On hackability


By definition of free software, you have right to study and modify it, you have right to "hack it". How much effort will it take you to actually make changes depends on many factors -- your experience in programming, problem the program is solving, and, most importantly, how program was designed and implemented.

The harder it is to make a change to a program, the less amount of people can do it.

Another facet of hackability is what happens when new version of program is released. Will your changes apply cleanly on new version, or will you have to hack things again? The harder it is apply changes on new version, the less people will undertake this task.

The biggest hammer the free software society have is the right to fork. If maintainer of a program does something unreasonable, there is always a threat, that other developers will continue development by themself. It is considered bad thing to happen, as it splits our forces, and is avoided as much, as possible.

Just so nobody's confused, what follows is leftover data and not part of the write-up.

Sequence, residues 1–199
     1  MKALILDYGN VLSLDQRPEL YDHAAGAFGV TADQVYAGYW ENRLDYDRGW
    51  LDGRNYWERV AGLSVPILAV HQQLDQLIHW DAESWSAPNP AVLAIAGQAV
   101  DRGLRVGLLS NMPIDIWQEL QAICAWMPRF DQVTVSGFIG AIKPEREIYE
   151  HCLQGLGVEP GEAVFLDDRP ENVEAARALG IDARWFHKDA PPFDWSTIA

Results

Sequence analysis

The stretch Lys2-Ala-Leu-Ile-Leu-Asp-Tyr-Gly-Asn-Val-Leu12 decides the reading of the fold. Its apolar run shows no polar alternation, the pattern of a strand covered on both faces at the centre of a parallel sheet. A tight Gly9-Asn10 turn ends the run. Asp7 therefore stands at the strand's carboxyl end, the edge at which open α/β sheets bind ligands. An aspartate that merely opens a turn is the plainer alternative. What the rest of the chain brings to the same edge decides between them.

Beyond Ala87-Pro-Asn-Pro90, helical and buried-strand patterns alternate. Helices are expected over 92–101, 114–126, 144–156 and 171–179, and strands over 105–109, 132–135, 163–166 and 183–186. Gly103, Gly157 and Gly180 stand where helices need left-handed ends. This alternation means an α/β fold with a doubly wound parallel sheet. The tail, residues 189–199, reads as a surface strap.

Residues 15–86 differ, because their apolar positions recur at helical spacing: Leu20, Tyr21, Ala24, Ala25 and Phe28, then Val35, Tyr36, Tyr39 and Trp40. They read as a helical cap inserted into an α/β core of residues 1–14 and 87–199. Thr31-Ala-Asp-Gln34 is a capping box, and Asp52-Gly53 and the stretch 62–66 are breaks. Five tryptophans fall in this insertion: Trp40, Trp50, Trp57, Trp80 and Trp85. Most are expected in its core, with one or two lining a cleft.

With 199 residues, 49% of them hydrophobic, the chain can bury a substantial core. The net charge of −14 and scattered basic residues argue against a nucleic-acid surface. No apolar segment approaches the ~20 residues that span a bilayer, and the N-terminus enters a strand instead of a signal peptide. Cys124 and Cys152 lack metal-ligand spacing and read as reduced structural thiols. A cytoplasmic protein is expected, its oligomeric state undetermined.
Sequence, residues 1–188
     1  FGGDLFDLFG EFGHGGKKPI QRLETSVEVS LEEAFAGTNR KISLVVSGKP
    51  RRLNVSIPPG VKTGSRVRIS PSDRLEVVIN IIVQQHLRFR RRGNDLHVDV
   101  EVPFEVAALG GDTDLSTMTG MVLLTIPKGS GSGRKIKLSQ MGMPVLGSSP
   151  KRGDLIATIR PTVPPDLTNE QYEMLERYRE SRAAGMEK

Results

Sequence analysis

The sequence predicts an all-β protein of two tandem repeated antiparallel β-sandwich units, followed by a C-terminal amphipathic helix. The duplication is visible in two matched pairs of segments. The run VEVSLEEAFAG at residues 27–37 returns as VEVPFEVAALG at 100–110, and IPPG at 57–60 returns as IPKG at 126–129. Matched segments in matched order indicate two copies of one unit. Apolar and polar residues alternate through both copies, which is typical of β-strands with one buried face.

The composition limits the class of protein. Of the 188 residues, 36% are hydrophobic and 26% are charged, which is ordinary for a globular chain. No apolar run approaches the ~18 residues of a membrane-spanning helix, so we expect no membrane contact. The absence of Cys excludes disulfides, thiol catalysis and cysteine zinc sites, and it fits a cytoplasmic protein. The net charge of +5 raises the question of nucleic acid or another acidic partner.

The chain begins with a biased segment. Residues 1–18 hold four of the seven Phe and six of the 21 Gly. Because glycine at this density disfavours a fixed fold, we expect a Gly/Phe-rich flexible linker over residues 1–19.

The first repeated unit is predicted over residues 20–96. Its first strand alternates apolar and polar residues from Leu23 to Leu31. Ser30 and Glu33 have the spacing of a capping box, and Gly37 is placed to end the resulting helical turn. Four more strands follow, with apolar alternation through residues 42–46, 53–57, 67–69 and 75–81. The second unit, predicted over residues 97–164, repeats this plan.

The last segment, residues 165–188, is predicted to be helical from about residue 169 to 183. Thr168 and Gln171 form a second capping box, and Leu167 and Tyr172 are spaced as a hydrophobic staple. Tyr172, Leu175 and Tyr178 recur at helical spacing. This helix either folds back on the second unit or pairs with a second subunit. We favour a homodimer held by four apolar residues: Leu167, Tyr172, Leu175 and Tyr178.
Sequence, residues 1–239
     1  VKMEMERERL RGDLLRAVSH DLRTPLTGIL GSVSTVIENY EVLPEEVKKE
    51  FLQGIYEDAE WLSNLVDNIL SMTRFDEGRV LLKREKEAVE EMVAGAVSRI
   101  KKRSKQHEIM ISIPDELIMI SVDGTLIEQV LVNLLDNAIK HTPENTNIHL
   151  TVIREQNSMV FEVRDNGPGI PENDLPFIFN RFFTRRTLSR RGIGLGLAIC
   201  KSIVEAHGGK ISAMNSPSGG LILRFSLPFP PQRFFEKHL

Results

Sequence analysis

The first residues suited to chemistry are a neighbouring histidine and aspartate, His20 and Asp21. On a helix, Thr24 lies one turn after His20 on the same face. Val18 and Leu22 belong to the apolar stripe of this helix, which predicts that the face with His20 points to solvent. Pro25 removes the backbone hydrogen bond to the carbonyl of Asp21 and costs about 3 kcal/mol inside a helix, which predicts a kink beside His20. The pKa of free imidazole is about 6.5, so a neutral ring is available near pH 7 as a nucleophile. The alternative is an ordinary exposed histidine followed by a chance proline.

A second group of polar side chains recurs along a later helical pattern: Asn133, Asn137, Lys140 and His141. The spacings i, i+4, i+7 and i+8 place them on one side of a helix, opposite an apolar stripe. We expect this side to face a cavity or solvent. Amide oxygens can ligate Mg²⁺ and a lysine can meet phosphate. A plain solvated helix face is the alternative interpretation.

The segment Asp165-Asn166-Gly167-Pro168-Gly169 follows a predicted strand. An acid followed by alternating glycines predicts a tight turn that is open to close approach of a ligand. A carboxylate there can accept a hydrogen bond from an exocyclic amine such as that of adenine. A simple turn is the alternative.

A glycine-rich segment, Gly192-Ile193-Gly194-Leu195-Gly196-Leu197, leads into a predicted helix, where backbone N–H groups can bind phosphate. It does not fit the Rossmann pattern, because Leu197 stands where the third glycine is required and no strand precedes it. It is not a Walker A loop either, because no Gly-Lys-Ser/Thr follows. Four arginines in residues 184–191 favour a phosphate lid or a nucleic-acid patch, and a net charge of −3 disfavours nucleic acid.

But when program is not hackable, when there is no fork threat, maintainers of programs can enjoy all benefits of being part of free software community, without being responsible to community.

Probably the most prominent examples are "modern" web-browsers -- Firefox and Chromium -- and operating system for mobile devices Android. These programs have misfeatures, that leak user information; not for gain of user, but for gain of program developer. It sounds like proprietary software, but it is free software, simply most of us do not have enough of computer power to build these programs and enough of time to hack on them.

This is why hackability of a program is as important, as legal right to execute, study, modify and distribute a program.

And we have problem. Creating elegant, hackable program takes skill, maybe even genius, while creating huge amounts of messy code to be understood only by those, who work with it fulltime, is easy and have all properties "effective corporate managers" infatuated with.

If we care about our freedom, if we want to have free software that is effectively free, we must care about hackability and favor hackable programs.